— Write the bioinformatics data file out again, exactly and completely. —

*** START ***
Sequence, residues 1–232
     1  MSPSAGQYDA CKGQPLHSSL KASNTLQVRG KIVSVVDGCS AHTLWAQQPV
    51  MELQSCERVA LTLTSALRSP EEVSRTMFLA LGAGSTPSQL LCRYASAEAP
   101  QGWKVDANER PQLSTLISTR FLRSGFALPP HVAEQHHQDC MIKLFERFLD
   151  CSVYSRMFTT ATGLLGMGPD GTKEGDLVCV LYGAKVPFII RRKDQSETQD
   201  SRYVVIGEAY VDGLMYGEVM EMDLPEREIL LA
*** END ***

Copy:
Sequence, residues 1–232
     1  MSPSAGQYDA CKGQPLHSSL KASNTLQVRG KIVSVVDGCS AHTLWAQQPV
    51  MELQSCERVA LTLTSALRSP EEVSRTMFLA LGAGSTPSQL LCRYASAEAP
   101  QGWKVDANER PQLSTLISTR FLRSGFALPP HVAEQHHQDC MIKLFERFLD
   151  CSVYSRMFTT ATGLLGMGPD GTKEGDLVCV LYGAKVPFII RRKDQSETQD
   201  SRYVVIGEAY VDGLMYGEVM EMDLPEREIL LA